New research has shown that badgers, one of Ireland’s most iconic wild creatures, roll the dice in their sex lives to gain an all-important edge in the game of life.
Not only are badgers able to suspend the implantation of an embryo following fertilisation, but they are also able to carry babies conceived at different times, and even – in all probability – fathered by different males.
This incredibly rare strategy means females can mate with the dominant male in their territories as well as a pair of hunky guys in neighbouring areas, all of whom are likely to pass on desired genes to their young. Embryos can be implanted a long time after fertilisation, which enables the babies to be brought to term at a time of environmental plenty. And, when they are born, they will be afforded the protection of the dominant male in the social group, even though some (or all) of them might not be his.
The amazing research, conducted by zoologists from the School of Natural Sciences at Trinity College Dublin, vets at UCD, and scientists at the Department of Agriculture, Food and the Marine (DAFM), has just been published in leading international journal PLOS ONE. The journal article can be viewed here.
Associate Professor of Zoology at Trinity, Dr Nicola Marples, co-authored the paper. She said: “It’s amazing to think that only five species in the world have evolved this ability to maintain several different embryos at different stages of development at the same time. It seems such a useful trick for the female to play!”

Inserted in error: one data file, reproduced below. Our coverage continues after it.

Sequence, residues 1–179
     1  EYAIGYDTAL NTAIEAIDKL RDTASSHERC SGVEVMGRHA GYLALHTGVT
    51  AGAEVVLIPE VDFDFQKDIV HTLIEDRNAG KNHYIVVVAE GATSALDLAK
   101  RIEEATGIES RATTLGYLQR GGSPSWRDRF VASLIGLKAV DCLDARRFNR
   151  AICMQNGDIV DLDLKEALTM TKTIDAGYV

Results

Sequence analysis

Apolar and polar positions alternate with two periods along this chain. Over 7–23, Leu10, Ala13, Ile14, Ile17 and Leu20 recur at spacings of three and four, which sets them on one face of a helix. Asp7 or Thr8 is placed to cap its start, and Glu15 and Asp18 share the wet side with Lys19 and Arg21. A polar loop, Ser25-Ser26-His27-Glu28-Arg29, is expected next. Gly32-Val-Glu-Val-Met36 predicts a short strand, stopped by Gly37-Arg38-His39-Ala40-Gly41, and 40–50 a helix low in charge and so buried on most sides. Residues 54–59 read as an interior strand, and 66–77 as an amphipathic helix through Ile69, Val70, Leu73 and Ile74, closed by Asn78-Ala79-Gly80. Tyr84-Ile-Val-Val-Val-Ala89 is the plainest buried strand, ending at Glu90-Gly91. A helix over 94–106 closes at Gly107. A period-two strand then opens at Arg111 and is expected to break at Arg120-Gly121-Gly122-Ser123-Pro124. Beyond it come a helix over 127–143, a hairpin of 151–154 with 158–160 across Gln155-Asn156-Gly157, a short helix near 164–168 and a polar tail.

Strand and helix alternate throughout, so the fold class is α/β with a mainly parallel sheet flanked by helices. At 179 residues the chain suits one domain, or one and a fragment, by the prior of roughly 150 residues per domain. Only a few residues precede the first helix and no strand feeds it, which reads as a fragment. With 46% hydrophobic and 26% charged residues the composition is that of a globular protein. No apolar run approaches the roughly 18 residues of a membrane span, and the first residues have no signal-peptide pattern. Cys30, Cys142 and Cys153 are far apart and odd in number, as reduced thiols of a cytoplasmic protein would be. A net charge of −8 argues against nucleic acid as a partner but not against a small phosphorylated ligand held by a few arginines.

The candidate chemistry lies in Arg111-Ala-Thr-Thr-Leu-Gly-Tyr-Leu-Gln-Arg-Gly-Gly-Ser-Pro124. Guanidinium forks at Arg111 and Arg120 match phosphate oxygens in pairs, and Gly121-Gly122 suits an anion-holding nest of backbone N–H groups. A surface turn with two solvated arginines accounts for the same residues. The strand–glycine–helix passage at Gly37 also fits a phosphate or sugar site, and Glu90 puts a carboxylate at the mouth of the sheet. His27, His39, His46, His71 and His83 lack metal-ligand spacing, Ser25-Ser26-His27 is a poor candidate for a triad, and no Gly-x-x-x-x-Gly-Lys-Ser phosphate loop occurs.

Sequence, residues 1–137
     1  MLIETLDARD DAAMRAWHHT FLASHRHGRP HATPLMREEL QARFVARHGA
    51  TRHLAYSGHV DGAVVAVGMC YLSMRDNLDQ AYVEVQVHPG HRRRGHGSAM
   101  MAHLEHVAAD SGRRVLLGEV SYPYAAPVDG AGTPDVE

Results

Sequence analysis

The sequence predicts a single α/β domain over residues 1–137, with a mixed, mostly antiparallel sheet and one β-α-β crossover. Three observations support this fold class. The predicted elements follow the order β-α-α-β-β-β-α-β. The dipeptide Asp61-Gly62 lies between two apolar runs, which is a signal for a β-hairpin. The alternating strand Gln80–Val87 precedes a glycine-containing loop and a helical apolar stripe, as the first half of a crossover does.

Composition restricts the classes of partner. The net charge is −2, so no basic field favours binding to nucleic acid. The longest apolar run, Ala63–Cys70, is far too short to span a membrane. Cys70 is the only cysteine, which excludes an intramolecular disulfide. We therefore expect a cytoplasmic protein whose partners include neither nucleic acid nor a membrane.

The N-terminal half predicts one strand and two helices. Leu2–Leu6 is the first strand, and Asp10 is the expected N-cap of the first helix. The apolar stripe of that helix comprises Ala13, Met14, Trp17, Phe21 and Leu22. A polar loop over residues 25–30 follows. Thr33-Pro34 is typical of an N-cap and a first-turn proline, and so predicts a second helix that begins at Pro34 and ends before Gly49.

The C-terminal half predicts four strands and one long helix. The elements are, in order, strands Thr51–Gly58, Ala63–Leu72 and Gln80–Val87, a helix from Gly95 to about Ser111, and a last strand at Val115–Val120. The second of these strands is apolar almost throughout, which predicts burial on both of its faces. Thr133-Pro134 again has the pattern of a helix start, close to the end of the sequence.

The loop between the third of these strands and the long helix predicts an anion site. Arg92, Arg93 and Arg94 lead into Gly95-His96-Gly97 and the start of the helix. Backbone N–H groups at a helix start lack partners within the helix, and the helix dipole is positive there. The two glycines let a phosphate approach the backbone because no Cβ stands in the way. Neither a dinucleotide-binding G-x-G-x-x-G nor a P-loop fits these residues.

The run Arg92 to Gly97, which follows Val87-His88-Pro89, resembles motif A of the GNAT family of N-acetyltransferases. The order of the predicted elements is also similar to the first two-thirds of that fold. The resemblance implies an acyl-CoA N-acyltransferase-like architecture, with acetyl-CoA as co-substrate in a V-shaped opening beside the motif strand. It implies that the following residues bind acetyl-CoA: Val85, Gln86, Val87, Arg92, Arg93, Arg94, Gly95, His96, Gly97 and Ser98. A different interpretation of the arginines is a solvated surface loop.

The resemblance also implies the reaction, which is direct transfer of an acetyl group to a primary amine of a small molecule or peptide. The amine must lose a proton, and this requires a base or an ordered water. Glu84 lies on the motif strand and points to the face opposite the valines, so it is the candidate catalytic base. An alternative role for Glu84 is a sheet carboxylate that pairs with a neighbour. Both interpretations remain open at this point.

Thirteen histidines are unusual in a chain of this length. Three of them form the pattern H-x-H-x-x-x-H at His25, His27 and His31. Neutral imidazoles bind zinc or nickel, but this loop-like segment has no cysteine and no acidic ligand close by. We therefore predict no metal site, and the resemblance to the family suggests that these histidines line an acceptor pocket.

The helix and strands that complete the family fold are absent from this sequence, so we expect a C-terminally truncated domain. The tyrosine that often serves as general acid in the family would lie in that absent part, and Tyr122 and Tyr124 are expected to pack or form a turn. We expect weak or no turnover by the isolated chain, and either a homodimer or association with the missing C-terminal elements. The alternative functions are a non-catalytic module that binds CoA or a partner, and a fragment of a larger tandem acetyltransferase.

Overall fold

Understanding when and why badgers move between territories provides key insights into how populations mix. This is extremely valuable information from a conservation perspective, because it may help researchers design an effective TB vaccination programme.
PhD Researcher in Zoology at Trinity, and co-author on the paper, Lynsey Stuart, added: “Studying badger movement is imperative to improving our knowledge of the diseases they carry, including tuberculosis. This type of research will aid in the effective delivery of a vaccine against tuberculosis, helping badgers and cattle alike.”
Badgers can harbour TB and inadvertently pass the disease to cows, which results in cattle farmers losing millions of euro each year. As such, a well-designed vaccination programme should provide a win-win situation.